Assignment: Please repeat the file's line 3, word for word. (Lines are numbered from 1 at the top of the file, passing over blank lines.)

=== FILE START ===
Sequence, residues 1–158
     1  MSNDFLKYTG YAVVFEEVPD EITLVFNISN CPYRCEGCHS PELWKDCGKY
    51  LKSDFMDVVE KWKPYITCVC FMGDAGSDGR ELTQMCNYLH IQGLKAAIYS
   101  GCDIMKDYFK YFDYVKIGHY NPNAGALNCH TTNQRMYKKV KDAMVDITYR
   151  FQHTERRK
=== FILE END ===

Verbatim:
    51  LKSDFMDVVE KWKPYITCVC FMGDAGSDGR ELTQMCNYLH IQGLKAAIYS